Thanks to vigorous low fat campaigns, many kids have been consuming more carbs and less fat in recent years. But the result hasn’t quite been what the health professionals expected. The highly processed high GI convenience foods and soft drinks has increased the glycemic load in children’s diet and can be linked to the increase in child obesity and risk of metabolic syndrome. Anette E Buyken and her colleagues at the Research Institute of Child Nutrition in Dortmund looked at the diets of healthy German school children aged 7–8 to see how much the GI and GL of diets in 2002 had changed from 1990 and 1996. They also looked at the kinds of carbs the kids were eating to see how much (if at all) they had changed.

kids

They found that compared with 1990, the 2002 children’s diet was slightly higher in GI (56.5 vs 55.1) and GL (17.5 vs 16.7). According to Buyken ‘the most important finding is that the ‘tolerated food groups’ comprising sweets, sweetened soft drinks, cakes and cookies, and salty snacks had the largest impact on the overall dietary GL, even exceeding the impact of bread and rolls. We had expected bread and rolls, the most important carbohydrate source in Germany, to contribute the most to the dietary GL. Another interesting finding is the small impact of potatoes on the overall dietary GL in all three time periods.’ They also found that generally speaking the children in the lowest GI tertile, but not those in the lowest GL tertile, had a better dietary nutrient profile and made more favourable food choices.

She concludes that: ‘partial replacement of high-GI ‘tolerated food groups’ for foods with a low dietary GI, especially fruits and vegetables, may help to reverse the observed slight increases in the GI and GL since 1990, and to enhance the overall dietary quality in children.’
British Journal of Nutrition (2005), 796–803

8 comments:

Mel said...

The Weight Watchers findings certainly square with what I've experienced the past few days, as I've begun to apply GI (&, within reason, GL) to my own diet. It's just been a week now. I am prediabetic, & am working to lose weight through diet & exercise as well as to keep my blood glucose levels on an even keel. So far, I haven't felt like I was starving even once; yet I have good energy levels, & have lost a pound already.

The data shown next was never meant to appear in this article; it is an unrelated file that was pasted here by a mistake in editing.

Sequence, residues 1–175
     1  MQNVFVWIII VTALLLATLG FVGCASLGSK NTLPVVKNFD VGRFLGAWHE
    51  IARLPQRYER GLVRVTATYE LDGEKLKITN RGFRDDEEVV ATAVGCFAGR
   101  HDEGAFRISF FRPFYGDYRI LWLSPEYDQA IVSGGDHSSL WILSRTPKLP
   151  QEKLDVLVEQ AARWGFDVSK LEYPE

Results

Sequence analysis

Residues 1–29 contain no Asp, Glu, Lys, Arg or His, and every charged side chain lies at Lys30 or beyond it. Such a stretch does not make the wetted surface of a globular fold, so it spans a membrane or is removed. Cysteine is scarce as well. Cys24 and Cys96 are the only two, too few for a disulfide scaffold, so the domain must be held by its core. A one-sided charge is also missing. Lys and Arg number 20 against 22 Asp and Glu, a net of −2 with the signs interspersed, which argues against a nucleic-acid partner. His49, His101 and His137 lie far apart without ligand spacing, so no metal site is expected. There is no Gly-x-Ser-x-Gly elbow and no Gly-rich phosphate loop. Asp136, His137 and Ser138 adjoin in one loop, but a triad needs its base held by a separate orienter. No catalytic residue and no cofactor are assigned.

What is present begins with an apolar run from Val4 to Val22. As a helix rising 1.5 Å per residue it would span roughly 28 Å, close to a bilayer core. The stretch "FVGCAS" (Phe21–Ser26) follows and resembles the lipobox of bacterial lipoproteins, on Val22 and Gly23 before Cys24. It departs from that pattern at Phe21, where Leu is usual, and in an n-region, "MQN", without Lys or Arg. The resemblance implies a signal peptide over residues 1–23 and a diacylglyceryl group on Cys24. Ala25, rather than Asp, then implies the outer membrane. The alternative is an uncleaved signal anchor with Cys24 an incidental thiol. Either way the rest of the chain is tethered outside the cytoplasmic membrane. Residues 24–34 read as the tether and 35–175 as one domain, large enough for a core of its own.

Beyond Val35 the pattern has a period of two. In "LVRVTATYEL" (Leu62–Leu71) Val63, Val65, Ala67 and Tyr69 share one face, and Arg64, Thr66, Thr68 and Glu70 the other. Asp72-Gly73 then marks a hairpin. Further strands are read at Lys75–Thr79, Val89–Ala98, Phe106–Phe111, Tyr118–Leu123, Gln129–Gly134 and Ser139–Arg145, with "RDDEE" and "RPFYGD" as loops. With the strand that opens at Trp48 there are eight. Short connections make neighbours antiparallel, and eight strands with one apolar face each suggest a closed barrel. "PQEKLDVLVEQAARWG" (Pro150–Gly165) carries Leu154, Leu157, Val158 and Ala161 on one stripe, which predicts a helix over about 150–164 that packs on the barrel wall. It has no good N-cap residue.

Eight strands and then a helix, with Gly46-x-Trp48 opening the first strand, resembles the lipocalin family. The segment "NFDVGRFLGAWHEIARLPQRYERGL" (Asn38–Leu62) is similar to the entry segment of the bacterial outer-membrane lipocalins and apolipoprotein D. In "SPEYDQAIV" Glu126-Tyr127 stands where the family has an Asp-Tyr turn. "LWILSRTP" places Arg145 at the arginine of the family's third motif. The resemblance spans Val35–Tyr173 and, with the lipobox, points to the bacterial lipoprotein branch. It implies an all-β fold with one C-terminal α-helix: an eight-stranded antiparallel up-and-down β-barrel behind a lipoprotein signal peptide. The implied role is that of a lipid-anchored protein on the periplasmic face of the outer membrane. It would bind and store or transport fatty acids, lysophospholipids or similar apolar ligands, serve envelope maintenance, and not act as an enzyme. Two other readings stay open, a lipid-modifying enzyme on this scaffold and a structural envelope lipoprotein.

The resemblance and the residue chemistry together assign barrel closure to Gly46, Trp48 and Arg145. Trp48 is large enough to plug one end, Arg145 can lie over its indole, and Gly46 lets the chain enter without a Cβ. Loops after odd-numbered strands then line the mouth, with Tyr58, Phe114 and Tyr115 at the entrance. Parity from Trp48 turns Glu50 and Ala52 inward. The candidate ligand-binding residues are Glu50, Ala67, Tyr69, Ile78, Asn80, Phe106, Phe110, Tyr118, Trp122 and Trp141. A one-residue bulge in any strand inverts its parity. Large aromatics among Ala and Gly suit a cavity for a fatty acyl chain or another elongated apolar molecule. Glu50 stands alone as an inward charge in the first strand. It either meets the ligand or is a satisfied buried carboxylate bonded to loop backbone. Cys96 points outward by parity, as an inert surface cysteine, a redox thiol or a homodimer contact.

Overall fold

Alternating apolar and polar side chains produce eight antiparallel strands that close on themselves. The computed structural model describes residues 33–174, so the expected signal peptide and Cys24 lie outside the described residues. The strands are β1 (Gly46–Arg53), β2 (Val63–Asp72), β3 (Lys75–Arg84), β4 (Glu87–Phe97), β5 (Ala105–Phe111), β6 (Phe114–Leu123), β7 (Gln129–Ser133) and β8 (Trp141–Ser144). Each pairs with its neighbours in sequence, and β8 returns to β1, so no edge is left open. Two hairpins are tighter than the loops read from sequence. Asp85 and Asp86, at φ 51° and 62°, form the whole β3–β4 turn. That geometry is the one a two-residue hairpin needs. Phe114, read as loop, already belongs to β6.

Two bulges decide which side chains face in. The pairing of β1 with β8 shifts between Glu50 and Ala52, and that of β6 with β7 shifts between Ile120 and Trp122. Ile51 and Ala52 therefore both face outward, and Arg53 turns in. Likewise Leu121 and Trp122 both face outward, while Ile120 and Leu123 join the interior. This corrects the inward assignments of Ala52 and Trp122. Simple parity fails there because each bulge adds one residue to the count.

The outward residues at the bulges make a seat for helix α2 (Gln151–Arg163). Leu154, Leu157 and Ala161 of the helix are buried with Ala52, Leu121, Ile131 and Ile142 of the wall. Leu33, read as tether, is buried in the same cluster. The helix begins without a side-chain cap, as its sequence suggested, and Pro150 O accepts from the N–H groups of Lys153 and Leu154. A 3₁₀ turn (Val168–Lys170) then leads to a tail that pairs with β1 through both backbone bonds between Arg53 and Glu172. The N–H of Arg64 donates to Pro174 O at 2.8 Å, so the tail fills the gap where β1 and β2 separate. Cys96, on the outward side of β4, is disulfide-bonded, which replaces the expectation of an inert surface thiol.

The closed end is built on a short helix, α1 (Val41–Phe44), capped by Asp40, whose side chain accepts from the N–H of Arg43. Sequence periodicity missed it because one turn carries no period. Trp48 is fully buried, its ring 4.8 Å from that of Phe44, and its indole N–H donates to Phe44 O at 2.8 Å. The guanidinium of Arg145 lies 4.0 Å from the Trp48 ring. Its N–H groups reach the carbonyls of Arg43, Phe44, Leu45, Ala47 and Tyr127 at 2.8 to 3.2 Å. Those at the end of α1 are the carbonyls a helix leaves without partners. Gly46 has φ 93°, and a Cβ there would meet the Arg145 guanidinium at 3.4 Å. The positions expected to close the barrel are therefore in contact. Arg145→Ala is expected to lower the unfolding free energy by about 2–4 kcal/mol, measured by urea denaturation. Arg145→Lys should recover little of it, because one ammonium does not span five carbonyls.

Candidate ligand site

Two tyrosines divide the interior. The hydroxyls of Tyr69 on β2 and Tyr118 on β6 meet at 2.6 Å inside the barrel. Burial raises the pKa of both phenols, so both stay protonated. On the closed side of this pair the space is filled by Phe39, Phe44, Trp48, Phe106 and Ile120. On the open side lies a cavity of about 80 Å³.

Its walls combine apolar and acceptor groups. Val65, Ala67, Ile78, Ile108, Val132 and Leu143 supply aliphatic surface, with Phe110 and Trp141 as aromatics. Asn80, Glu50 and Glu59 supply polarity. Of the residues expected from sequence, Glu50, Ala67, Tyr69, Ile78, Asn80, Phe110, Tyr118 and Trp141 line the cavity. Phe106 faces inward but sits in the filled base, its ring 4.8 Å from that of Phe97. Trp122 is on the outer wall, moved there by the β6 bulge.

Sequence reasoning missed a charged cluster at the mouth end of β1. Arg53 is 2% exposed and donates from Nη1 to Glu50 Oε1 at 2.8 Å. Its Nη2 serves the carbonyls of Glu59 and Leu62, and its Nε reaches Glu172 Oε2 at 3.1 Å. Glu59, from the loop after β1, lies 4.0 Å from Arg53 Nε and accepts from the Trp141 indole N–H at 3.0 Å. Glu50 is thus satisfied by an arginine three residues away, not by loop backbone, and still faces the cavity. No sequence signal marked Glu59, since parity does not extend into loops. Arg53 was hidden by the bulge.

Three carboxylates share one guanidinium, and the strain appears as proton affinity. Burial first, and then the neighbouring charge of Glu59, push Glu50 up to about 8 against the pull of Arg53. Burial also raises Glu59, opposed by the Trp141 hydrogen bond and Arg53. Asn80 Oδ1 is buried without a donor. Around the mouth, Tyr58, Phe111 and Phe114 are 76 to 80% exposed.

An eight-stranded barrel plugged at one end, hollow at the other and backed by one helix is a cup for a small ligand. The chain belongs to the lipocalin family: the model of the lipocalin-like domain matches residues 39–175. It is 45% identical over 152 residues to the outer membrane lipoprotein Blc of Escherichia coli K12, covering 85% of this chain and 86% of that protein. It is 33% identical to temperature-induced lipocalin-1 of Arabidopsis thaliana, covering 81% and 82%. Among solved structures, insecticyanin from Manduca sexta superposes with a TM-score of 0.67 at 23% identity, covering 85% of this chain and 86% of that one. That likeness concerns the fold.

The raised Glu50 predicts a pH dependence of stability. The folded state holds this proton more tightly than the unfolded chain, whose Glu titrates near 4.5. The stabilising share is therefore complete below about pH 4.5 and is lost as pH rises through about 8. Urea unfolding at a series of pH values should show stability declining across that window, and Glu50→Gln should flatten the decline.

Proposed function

I do have a question about GI for foods that haven't yet been tested. Do you have any suggestions of the best methodology for someone with a reliable glucose monitor to make personal estimates of GI for themselves of untested foods?

Or even tested foods! -- this morning, understanding that oatmeal (i.e., porridge) has a fairly decent GI, I had about cup of oatmeal with a third of a cup of soymilk. My blood glucose an hour later was 181 mg/dL (whole blood); another hour & it had come down to 85 mg/dL. I have read that my goal should be to be less than 140 mg/dL two hours after a meal, & I was well within that. But I'm still concerned about the 181. Would a level like that indicate a food that has too high a GI for me personally? Or is that spike within acceptable ranges for a nondiabetic? Again, what would be my best methodology for methodically estimating how foods are affecting my blood glucose levels?

I have since learned from the GI database at U. of Sydney that rolled oats have tested very differently between Australia, Canada, & the U.S. -- with the U.S. the highest -- which I guess has something to do with how food is processed on its way to market. Another factor that might have affected the oatmeal is that we have long had a practice of soaking the oatmeal overnight with a slight amount of acidopholus, as a sort of "pre-digester" to make the food more easily digested. (A practice recommended in some natural foods books.) Would that "pre-digestion" then lead to the food converting more quickly into blood glucose once eaten, than if we'd left the acidopholus out?

Thank you for your outstanding work in helping us get our metabolisms back on the right track!

Anonymous said...

Mel,
Keep up the good work!

I am diabetic, and I found that even steel cut oats (lower GI) can cause a big blood glucose spike to 180 or 200 if I ate the size portion I used to eat.

With a smaller portion I was able to keep the spike to 140 or so.

I read the Dr. Bernsteins books, and now I keep the after meal spikes under 110 mostly.